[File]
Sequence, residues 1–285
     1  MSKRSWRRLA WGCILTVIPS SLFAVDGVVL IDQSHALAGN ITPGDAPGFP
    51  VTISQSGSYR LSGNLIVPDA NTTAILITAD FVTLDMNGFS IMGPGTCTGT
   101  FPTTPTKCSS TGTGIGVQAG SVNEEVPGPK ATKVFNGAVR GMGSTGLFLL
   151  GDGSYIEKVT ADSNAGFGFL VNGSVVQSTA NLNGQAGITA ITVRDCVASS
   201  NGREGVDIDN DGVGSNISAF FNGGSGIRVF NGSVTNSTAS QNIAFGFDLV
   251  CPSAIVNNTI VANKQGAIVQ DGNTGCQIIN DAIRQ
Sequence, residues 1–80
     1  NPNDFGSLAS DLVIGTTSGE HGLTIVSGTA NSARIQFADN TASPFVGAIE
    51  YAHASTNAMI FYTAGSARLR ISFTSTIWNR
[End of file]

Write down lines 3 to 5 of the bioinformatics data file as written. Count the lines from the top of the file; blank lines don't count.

    51  VTISQSGSYR LSGNLIVPDA NTTAILITAD FVTLDMNGFS IMGPGTCTGT
   101  FPTTPTKCSS TGTGIGVQAG SVNEEVPGPK ATKVFNGAVR GMGSTGLFLL
   151  GDGSYIEKVT ADSNAGFGFL VNGSVVQSTA NLNGQAGITA ITVRDCVASS